British workers aged between 22 and 30 are the only UK demographic to have seen their real incomes shrink from 2007 onwards, with the IFS showing median wages have fallen 7 per cent in the seven years after the financial crisis. Still, those of us on decent incomes without the bank of mum and dad have no chance of owning our own houses, and while the private rental market gauges out our monthly earnings, social housing is at an all time low.

By contrast, the over-60s have had a much better time of it, with their incomes rising 11 per cent over the period. Overall however, working age incomes have been flat between 2007 and 2014 – a development the IFS has previously described as “highly unusual”.

In addition, stagnating wages and a cut in welfare provisions, is likely to see the lowest earners hit hardest. According to the IFS, benefits are likely to take a hit of 6% in 2017. In July 2016 it was widely reported that UK wages had dropped by 10%. Just yesterday The Resolution Foundation published that the current parliament would be the worst for living standards for the poorest half of households since comparable records began in the mid-1960s and the worst since the early years of Thatcher’s 1979-90 premiership for inequality.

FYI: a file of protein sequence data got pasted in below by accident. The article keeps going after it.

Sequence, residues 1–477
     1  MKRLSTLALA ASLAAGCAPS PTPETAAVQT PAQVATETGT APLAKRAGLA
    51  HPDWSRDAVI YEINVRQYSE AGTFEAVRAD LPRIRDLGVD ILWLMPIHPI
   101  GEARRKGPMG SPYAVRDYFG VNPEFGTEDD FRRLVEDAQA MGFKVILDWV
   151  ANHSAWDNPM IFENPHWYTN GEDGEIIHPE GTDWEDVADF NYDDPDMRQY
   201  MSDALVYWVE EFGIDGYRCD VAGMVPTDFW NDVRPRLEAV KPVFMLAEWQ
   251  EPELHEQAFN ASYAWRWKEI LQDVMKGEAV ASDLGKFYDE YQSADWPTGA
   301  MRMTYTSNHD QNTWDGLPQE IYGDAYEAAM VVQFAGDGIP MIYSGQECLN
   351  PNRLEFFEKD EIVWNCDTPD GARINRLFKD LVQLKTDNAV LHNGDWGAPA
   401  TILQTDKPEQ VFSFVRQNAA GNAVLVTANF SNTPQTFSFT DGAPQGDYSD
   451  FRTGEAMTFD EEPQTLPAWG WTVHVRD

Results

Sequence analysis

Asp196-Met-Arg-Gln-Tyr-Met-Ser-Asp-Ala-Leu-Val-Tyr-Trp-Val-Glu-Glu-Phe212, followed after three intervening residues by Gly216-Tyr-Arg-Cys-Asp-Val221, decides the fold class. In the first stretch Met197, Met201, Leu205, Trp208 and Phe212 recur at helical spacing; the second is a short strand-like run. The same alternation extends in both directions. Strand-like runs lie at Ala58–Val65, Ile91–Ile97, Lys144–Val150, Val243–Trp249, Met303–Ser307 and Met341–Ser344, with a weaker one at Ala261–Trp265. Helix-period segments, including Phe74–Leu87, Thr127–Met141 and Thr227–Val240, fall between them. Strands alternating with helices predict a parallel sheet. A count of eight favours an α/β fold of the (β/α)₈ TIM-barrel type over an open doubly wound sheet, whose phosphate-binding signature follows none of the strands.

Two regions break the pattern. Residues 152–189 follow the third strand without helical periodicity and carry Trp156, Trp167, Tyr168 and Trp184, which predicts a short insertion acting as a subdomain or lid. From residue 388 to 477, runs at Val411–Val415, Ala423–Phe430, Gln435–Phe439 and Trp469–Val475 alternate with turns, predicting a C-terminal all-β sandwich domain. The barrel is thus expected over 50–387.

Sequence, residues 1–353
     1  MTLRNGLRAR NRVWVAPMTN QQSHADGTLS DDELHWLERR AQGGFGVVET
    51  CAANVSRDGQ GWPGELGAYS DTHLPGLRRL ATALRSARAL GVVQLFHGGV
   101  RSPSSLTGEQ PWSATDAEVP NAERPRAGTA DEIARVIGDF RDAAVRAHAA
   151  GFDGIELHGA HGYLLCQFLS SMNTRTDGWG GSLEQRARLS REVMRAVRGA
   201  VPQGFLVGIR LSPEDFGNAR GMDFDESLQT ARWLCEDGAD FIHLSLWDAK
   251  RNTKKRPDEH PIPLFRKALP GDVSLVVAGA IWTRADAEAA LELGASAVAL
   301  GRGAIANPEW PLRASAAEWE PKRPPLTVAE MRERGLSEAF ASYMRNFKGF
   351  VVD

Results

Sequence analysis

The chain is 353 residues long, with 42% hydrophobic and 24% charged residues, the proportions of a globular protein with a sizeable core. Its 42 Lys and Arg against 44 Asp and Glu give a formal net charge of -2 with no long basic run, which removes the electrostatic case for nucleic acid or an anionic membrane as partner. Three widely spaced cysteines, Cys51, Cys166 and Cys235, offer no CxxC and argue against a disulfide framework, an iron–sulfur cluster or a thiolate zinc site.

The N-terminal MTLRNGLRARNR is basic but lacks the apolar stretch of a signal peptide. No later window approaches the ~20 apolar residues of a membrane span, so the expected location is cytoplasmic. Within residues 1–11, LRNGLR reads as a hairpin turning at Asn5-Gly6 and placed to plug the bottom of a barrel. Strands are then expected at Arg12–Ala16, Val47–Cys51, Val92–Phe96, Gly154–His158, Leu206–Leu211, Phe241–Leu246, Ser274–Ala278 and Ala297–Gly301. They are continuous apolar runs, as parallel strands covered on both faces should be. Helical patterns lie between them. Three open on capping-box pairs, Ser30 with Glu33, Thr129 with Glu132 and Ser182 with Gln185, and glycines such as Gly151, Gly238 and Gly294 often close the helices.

So what can we do? Get political, get together. If you’re not in a union, join one. If you think temporary short-term contracts are great opportunities; think again. Lobby, sign petitions, visit your MP’s, do some research into your workers rights. The work –place is where many of us go everyday, and as Stuart Hall liked to say culture is the “critical site of social action and intervention, where power relations are both established and potentially unsettled”. Know your rights, and assert them at a local, regional and national level. Now is the time to education, organise and support each other. It feels so dark, but we must not surrender to moral aberration and bad ideas.